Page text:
Small rooms are a common complaint of city homeowners, but in fact their very limitations can provide a spark for creativity. The many solutions for making a small room appear larger often require innovative touches; and having less furnishings can help focus the mind. A small room doesn’t have to be dark or crowded but can be just as unique, stylish and inviting as any other space.
Painting walls a pale colour is one of the most obvious pieces of advice for making a room appear larger, but this makes it no less valid. Any soft pastel tone will accentuate the light, but according to colour experts sourced by Elle Decoration, pale greige and pale blue-green tones, as well as clean white, tend to be most effective. White gives the sharpest finish, and any coldness can be eliminated by intruding warmer tones in artwork or other features. For an alternative wall treatment, renowned London-based interior designer Katherine Pooley suggests ‘pearlized plaster wall finish or light silk or textured wallpaper’ as this ‘will help extend the room’.
In addition, there is also a narrow pallet of dark tones that are surprisingly effective in small spaces. This is because they give a less definite view of the walls, blurring the boundaries of the room. However, stick to simple clean tones such as dark navy or almost-black. ‘Hale Navy’ or ‘Black Bean Soup’ by Benjamin Moore are two popular choices for achieving this affect.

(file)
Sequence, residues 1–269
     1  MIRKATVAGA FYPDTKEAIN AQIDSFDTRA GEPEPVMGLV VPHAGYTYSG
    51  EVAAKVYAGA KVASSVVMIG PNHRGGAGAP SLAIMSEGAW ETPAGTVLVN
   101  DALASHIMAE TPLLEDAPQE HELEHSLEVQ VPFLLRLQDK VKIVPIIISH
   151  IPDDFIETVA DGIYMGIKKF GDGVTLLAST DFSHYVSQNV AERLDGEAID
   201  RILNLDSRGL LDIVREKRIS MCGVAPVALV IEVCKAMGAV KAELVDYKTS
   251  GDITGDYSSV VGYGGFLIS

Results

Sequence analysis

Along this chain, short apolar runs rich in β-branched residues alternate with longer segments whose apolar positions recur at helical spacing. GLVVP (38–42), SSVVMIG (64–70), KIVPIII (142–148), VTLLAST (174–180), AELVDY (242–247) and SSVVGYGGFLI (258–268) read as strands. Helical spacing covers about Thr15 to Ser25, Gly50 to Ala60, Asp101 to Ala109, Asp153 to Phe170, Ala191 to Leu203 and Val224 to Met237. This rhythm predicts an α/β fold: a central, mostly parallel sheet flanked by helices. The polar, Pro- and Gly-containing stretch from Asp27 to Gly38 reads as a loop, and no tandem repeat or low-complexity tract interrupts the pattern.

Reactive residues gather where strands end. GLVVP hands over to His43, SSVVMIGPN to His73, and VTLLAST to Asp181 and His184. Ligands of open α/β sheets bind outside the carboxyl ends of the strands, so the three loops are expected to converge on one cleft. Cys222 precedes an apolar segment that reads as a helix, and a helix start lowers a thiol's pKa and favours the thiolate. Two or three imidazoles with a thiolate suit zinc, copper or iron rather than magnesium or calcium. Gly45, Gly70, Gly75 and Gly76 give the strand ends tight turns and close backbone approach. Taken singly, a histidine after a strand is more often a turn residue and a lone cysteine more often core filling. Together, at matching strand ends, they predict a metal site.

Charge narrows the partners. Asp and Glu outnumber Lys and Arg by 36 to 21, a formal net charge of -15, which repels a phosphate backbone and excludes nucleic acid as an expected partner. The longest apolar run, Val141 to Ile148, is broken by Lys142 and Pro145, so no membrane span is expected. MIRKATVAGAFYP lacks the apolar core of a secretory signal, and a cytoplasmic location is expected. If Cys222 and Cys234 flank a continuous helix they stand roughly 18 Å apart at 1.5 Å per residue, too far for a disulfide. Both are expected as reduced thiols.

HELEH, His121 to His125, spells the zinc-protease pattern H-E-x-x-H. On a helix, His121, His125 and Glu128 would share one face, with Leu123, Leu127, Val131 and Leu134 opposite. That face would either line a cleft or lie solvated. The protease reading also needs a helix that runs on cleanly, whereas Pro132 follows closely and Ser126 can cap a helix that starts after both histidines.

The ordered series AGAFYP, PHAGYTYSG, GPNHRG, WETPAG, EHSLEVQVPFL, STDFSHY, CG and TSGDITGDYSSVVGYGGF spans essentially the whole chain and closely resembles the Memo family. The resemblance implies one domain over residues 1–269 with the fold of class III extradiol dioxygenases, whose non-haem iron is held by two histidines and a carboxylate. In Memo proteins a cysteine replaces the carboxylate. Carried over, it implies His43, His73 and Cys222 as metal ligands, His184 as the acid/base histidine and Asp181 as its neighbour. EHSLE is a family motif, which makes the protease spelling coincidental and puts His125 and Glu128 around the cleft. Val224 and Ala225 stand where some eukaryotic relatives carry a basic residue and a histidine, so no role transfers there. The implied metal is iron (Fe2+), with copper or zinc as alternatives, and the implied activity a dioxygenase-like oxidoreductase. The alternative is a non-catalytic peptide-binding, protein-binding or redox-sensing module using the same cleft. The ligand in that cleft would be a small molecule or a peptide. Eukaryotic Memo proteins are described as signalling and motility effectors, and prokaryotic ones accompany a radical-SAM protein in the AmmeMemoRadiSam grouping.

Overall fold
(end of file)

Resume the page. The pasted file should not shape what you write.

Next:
Furthermore, many interior designers are now challenging the traditional view of white skirting boards and plasterwork. "By painting the walls and trim the same paint colour, your ceilings appear to be taller, since there are no breaks in the trim," explained Charlotte Lucas of Charlotte Lucas Interior Design. This theory of continuity can also be applied to the decoration of adjacent rooms, as it helps multiple spaces be viewed as one entity.
Living Room By Hackett Holland and Suzy Hoodless
Hanging artwork and mirrors can also influence how large or small a room appears. Ashley Redmond, interior designer at Decorist suggests “Use one oversize piece of art to make a wall feel bigger. About 70 percent of the wall should be covered by the art to make it really impactful so that your eye sees more art than white space.” A a small room can also be an ideal place for a gallery wall, provided this is curated in a restrained manner. Feature artwork of similar colour tones to avoid overwhelming the area.
Mirrors can also be a very effective tool for enlarging a space. Katherine Pooley says ‘Large mirrors in small rooms work well as long as they are positioned cleverly and with the architecture and furniture layout in mind.’ Ensure mirrors reflect the maximum amount of natural light, dispersing it around the space.